State forces teen cancer patient to undergo chemo; ‘unprecedented assault on constitutional rights’

Against her will, a Connecticut teenager suffering from cancer is being forced by the state to undergo chemotherapy.

A judge with the state’s Supreme Court ruled in favor of Connecticut Department of Children and Families who took custody of the 17-year-old (known only as Cassandra C.) after the teen, with consent from her mother, refused the treatment for Hodgkin’s lymphoma that her doctors recommended shortly after being diagnosed last September.

chemoAccording to Cassandra’s mother, Jackie Fortin, her daughter is well informed on the negative effects of what chemo treatments can do to the human body, including sterilization and damage to vital organs. DCF states that according to her doctors, treatment is necessary and must begin immediately in order for the teen to survive.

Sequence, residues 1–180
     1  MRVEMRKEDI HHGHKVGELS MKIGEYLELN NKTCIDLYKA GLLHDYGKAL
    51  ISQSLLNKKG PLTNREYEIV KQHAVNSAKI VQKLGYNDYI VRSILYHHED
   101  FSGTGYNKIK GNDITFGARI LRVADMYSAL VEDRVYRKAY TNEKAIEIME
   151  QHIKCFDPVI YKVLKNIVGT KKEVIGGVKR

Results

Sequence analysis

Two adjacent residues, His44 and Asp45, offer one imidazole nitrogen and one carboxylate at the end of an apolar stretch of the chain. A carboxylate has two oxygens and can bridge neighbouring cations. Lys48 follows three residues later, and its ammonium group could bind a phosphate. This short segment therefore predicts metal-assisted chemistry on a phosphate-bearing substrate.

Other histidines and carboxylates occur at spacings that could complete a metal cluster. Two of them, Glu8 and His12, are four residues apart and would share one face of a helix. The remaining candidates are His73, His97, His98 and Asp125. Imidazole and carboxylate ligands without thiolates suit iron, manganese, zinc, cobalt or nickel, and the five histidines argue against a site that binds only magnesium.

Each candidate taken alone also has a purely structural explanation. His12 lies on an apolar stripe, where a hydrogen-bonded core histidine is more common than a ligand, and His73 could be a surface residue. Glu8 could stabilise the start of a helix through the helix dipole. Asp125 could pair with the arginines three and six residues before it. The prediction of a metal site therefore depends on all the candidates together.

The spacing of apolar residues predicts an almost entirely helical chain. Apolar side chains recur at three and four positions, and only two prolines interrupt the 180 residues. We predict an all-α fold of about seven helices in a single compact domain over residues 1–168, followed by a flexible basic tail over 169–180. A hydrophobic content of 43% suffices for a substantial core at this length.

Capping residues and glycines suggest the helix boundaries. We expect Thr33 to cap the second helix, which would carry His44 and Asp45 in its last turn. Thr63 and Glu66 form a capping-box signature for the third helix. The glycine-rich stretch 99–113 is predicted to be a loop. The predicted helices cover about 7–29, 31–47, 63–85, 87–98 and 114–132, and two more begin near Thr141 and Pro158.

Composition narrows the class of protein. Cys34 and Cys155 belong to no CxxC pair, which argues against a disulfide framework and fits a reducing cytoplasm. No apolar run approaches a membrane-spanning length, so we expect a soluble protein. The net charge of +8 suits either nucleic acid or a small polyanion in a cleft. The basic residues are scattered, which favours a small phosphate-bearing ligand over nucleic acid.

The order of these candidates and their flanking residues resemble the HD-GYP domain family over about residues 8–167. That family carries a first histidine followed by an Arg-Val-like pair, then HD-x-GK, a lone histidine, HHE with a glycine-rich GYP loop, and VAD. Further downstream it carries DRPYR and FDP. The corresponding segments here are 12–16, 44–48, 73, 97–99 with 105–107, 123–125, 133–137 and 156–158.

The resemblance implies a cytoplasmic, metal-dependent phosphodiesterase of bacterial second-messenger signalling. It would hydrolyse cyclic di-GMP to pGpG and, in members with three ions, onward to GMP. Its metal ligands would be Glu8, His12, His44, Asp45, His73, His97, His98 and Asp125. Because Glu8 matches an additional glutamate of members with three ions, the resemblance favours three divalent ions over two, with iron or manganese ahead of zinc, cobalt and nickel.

Shortly after being diagnosed, Cassandra initially received two chemo treatments before running away, only to return days later to refuse any further intervention by the hospital. DCF was then called in by the hospital to intervene on the patient’s behalf.

Attorney Michael S. Taylor, who represents the mother, says this is an unprecedented assault on constitutional rights.

“The right to have a say over what happens to your body—and the right to say to the government ‘you can’t control what happens to my body’” is what is at stake here, Taylor said.

Taylor further cited, “the Supreme Court of the state has never ruled on this issue, the Supreme Court of the United States has not ruled on this issue. So it’s very significant not just for our client, and for the minor child, but for the law in general,”

Cassandra and her mother argue that Connecticut’s common law and public policy does not allow an agency like DCF to force medical treatment over informed objection by the patient.

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Michele Holt

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